Thank you for convening this meeting. We wish to thank Mr. Ivan Simonovic, Mr. Jeffrey Feltman and Mr. John Ging for their respective briefings.
2. At the outset, Malaysia would like to express sincere condolences to the families of the victims of the coal mine accident in Zasyadko in eastern Ukraine. The incident which resulted in dozens of casualties, has further exacerbated the already grim situation in the region of Donetsk. We call on the conflicting parties to give full cooperation to the relevant authorities for the rescue and recovery effort.
3. As is normally the case, the civilian population would bear the biggest brunt and pay the highest price in any conflict. The Ukraine crisis is no exception. In a matter of one year, Ukraine went from a country without a single displaced person to having over one million of its population displaced from eastern Ukraine and Crimea. Out of the one million, one in three internally displaced people in Ukraine is a child.
4. Currently, an estimated 5 million people in eastern Ukraine are in need of humanitarian assistance. Over 6,000 people had been killed in the conflict, including the 298 passengers of flight MH17, a tragic incident which was a direct consequence of the Ukrainian crisis.
5. Malaysia condemns indiscriminate attacks against civilians in the strongest terms. We are alarmed to learn that attacks which seemed to intentionally target civilians and residential areas had further intensified in recent months, including in Volnovakha, Mariupol and the city of Donetsk. As reported by the Human Rights Mission in Ukraine, the fighting and indiscriminate shelling had severely damaged civilian property and vital infrastructure, leaving civilians without electricity, gas, heating, water or food.
6. We also condemn attacks against hospitals, schools and kindergartens with stark disregard for international humanitarian law and civilian lives. We repeat our call for an independent investigation into the incidents to bring those responsible for gross violations of international human rights and humanitarian law to justice.
7. Malaysia is deeply concerned on allegations of violations of international human rights law and international humanitarian law in Ukraine. Reports of arbitrary detentions of civilians, torture and enforced disappearance against both sides of the conflict must be investigated to prevent impunity. We regret the lack of progress in ensuring accountability for grave human rights violations such as during the Maidan protests in Kiev and in Odesa last year.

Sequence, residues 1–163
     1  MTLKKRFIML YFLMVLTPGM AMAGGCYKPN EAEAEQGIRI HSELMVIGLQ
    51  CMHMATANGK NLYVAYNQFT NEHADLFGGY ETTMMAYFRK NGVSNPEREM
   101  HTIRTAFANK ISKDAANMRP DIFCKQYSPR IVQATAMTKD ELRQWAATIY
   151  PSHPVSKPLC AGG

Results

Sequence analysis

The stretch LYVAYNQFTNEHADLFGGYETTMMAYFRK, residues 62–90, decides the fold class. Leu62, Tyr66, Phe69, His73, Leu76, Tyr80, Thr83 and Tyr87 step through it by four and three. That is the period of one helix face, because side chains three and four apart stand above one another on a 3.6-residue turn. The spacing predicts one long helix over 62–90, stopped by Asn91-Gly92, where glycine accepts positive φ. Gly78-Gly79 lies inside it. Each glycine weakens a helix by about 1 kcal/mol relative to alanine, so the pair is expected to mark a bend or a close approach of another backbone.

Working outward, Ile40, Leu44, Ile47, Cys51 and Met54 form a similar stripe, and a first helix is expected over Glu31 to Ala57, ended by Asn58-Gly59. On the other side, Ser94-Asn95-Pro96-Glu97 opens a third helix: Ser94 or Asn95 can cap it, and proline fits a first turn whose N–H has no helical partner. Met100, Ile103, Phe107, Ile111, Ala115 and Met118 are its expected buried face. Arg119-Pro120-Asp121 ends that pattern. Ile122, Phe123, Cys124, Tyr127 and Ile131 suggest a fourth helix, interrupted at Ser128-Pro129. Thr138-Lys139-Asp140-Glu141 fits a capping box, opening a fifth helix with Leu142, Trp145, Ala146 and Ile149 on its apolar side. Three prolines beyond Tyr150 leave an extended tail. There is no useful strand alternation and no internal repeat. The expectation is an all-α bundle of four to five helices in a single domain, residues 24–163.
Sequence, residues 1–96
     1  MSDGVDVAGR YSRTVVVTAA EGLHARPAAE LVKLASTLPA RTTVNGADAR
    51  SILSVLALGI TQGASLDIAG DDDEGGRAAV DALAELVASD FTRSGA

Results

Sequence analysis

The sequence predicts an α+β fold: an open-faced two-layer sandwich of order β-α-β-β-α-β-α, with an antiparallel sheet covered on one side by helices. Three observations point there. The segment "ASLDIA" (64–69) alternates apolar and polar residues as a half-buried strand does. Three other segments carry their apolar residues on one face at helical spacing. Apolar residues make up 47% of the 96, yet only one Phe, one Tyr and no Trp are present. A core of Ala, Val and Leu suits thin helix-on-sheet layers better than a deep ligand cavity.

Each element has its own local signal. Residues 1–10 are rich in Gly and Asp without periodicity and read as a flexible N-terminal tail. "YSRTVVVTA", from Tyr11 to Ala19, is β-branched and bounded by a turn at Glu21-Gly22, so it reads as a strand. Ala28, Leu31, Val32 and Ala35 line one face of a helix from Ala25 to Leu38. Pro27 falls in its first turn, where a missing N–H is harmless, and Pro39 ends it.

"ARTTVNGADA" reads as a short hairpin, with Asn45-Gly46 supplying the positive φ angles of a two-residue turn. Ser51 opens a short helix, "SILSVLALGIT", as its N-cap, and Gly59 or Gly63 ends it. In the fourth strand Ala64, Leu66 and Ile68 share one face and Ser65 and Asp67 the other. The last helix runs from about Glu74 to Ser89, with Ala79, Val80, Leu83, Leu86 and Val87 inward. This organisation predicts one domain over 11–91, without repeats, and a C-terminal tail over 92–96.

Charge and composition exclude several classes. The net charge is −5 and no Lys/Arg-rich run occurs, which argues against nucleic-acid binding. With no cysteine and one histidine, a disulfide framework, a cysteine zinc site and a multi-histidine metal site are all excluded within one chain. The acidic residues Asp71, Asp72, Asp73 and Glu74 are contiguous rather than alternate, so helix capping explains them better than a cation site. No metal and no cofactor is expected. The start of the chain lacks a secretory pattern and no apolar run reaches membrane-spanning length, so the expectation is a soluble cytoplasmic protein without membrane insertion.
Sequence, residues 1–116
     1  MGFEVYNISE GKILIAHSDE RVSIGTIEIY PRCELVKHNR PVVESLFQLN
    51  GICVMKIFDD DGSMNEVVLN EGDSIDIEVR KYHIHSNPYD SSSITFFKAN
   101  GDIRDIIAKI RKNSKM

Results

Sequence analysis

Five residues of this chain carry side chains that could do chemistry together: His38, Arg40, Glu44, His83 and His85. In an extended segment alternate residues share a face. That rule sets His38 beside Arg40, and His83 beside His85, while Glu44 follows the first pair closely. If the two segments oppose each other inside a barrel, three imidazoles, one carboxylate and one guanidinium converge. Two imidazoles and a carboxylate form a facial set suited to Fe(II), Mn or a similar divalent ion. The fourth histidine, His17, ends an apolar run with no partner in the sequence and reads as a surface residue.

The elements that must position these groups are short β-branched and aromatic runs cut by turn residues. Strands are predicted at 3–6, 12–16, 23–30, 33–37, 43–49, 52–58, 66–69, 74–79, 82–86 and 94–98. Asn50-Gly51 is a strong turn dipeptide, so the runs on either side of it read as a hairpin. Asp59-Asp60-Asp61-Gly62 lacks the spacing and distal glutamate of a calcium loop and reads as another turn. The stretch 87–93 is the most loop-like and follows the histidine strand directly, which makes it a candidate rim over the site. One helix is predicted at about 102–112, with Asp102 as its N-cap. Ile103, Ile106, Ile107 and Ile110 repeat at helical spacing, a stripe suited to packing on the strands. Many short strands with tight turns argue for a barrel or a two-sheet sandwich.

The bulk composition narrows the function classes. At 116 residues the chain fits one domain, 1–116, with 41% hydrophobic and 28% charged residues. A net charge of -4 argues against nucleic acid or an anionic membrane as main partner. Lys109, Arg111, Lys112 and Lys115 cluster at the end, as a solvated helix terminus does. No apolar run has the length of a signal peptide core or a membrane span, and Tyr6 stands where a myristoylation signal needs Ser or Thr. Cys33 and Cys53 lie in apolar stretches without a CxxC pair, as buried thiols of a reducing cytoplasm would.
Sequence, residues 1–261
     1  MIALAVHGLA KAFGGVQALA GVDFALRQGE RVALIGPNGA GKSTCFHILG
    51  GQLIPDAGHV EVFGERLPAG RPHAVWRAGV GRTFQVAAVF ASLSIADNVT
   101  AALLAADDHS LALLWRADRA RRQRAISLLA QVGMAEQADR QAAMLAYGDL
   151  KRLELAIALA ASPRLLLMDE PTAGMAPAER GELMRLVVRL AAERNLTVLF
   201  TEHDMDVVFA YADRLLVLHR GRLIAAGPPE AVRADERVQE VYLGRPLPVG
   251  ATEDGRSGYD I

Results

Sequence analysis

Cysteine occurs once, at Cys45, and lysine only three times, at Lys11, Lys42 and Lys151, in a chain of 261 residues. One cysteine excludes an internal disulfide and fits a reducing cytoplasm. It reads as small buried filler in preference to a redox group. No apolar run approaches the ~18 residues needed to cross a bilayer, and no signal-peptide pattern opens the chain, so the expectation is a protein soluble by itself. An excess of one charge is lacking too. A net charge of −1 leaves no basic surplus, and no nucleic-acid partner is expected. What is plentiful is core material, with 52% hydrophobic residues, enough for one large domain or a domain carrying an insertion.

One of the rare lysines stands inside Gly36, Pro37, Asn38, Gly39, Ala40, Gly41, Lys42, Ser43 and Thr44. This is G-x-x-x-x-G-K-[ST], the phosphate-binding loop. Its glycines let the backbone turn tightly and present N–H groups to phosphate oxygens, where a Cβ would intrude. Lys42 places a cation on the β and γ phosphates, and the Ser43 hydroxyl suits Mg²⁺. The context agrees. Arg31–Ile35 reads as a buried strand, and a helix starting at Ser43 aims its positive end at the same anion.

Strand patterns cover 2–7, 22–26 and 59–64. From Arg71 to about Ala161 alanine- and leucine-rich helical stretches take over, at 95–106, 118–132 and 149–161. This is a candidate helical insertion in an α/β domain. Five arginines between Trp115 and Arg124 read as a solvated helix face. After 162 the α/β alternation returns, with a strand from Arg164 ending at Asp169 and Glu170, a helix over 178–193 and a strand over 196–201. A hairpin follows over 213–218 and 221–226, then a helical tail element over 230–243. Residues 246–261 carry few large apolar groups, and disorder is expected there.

8. We deplore attacks against journalists in Ukraine, particularly in eastern Ukraine and in Crimea. Over the past year, at least 78 journalists have been held by armed groups and at least 60 attacks were carried out against media offices. We call on the parties to respect the rights to freedom of opinion and expression and of peaceful assembly. We also view with concerns the targeting of religious minorities in the areas controlled by armed groups, as reported by the Human Rights Mission in Ukraine.
9. Since the ceasefire went into effect on 15 February 2015, fighting has generally reduced in the Donbas region. We also welcome the progress made in the withdrawal of heavy weapons on both sides. At this point however, the ceasefire remains fragile and the progress made is far from irreversible.
10. We urge the conflicting parties not to lose the opportunity for peace once again, and to ensure full compliance of the provisions of the Minsk agreements. We also call on both sides to cooperate fully with the OSCE Special Monitoring Mission to enable them to carry out their mandate, including to monitor and verify the ceasefire and the heavy weapons withdrawal.
11. Malaysia commends the tireless efforts and commitment by various organisations, including the Office for the Coordination of Humanitarian Affairs (OCHA), in providing humanitarian assistance to those affected in the Ukrainian crisis. With the ceasefire in effect, we hope attention could now be focused on intensifying humanitarian assistance, in an environment that could ensure the safety and security of humanitarian personnel.
12. We urge all parties to allow safe and unrestricted humanitarian access and to remove bureaucratic impediments that could create barriers for immediate and effective humanitarian aid. We reiterate our position that humanitarian assistance must be carried out in accordance with international law, international humanitarian law and respect to Ukraine’s sovereignty and territorial integrity.
13. In concluding, we wish to reflect on the priority of the OSCE Chair to ‘rebuild trust and confidence’ in Europe, in view of the worst crisis facing the region since the end of the Cold War. We believe the Minsk agreements provided an excellent opportunity for the conflicting parties to take a step back from the spiralling violence in Ukraine, and to re-commit themselves to peaceful resolution of the conflict.
14. Full adherence to the Minsk agreements by both sides would constitute the first step in rebuilding trust and confidence, and hopefully, would lead to a sustainable political solution to the conflict.
I thank you, Mr. President.